Author Topic: AIPA...Aroma...BJCP  (Read 2721 times)

Offline roguejim

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AIPA...Aroma...BJCP
« on: March 15, 2012, 05:24:17 PM »
For the BJCP judges here, have you ever judged an AIPA that had too much, or too strong of a hop aroma?  Is it even possible for an AIPA to have too much hop aroma, as far as comps are concerned?

Offline a10t2

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Re: AIPA...Aroma...BJCP
« Reply #1 on: March 15, 2012, 05:44:48 PM »
Quote
A prominent to intense hop aroma with a citrusy, floral, perfume-like, resinous, piney, and/or fruity character derived from American hops.

I personally wouldn't ding an AIPA for having too much hop aroma, because "intense" is about the strongest descriptor in the guidelines. I have taken a couple points off of an IPA that was too bitter and unbalanced to fit the style guidelines, and should have been entered in 14C.
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Offline krazykrausen

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Re: Re: AIPA...Aroma...BJCP
« Reply #2 on: March 15, 2012, 05:53:02 PM »
For the BJCP judges here, have you ever judged an AIPA that had too much, or too strong of a hop aroma?  Is it even possible for an AIPA to have too much hop aroma, as far as comps are concerned?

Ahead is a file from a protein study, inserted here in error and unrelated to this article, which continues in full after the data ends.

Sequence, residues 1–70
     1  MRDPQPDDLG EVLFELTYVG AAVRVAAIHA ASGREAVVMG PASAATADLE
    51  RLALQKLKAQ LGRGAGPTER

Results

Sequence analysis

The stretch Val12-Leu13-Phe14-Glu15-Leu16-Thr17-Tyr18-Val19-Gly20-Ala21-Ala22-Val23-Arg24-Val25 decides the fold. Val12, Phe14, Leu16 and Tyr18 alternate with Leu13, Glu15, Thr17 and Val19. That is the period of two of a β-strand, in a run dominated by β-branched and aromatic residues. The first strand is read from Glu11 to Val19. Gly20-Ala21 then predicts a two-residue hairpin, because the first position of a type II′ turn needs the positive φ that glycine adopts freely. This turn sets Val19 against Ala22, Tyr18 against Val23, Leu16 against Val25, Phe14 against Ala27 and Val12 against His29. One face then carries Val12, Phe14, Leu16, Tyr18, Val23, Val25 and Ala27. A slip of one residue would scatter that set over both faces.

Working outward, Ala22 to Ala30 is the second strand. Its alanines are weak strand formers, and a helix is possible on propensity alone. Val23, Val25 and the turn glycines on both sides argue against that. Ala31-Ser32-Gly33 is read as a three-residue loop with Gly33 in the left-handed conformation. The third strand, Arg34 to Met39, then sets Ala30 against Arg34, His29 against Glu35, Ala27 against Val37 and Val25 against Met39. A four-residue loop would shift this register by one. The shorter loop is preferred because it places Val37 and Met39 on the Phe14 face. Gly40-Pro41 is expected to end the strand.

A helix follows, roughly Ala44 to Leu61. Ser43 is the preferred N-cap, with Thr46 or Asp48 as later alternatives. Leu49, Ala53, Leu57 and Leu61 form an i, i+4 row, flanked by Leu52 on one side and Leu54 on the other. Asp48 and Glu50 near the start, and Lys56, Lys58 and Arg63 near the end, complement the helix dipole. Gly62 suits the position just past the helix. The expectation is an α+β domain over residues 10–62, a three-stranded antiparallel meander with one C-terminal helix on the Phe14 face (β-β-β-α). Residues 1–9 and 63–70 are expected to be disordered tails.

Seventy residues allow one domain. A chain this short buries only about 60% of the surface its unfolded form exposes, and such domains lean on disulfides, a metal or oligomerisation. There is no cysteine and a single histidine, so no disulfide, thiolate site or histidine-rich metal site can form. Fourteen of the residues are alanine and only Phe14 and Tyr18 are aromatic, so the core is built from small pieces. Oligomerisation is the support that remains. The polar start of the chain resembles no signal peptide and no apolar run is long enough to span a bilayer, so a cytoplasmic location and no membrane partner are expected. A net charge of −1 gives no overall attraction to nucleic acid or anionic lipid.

I could see an argument if the aroma didn't feature American hops or hops that can be considered/confused for American (like some New Zealand types)

Are you asking cause you were dinged for it, just curious?

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Offline roguejim

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Re: Re: AIPA...Aroma...BJCP
« Reply #3 on: March 15, 2012, 06:16:25 PM »
For the BJCP judges here, have you ever judged an AIPA that had too much, or too strong of a hop aroma?  Is it even possible for an AIPA to have too much hop aroma, as far as comps are concerned?

I could see an argument if the aroma didn't feature American hops or hops that can be considered/confused for American (like some New Zealand types)

Are you asking cause you were dinged for it, just curious?

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I asked the question initially after seeing the "Citrus Bomb IPA" recipe with 10-oz of aroma hops.  Granted, it is a 10-gal batch, but there doesn't seem to be much of a limit to aroma/dry hopping.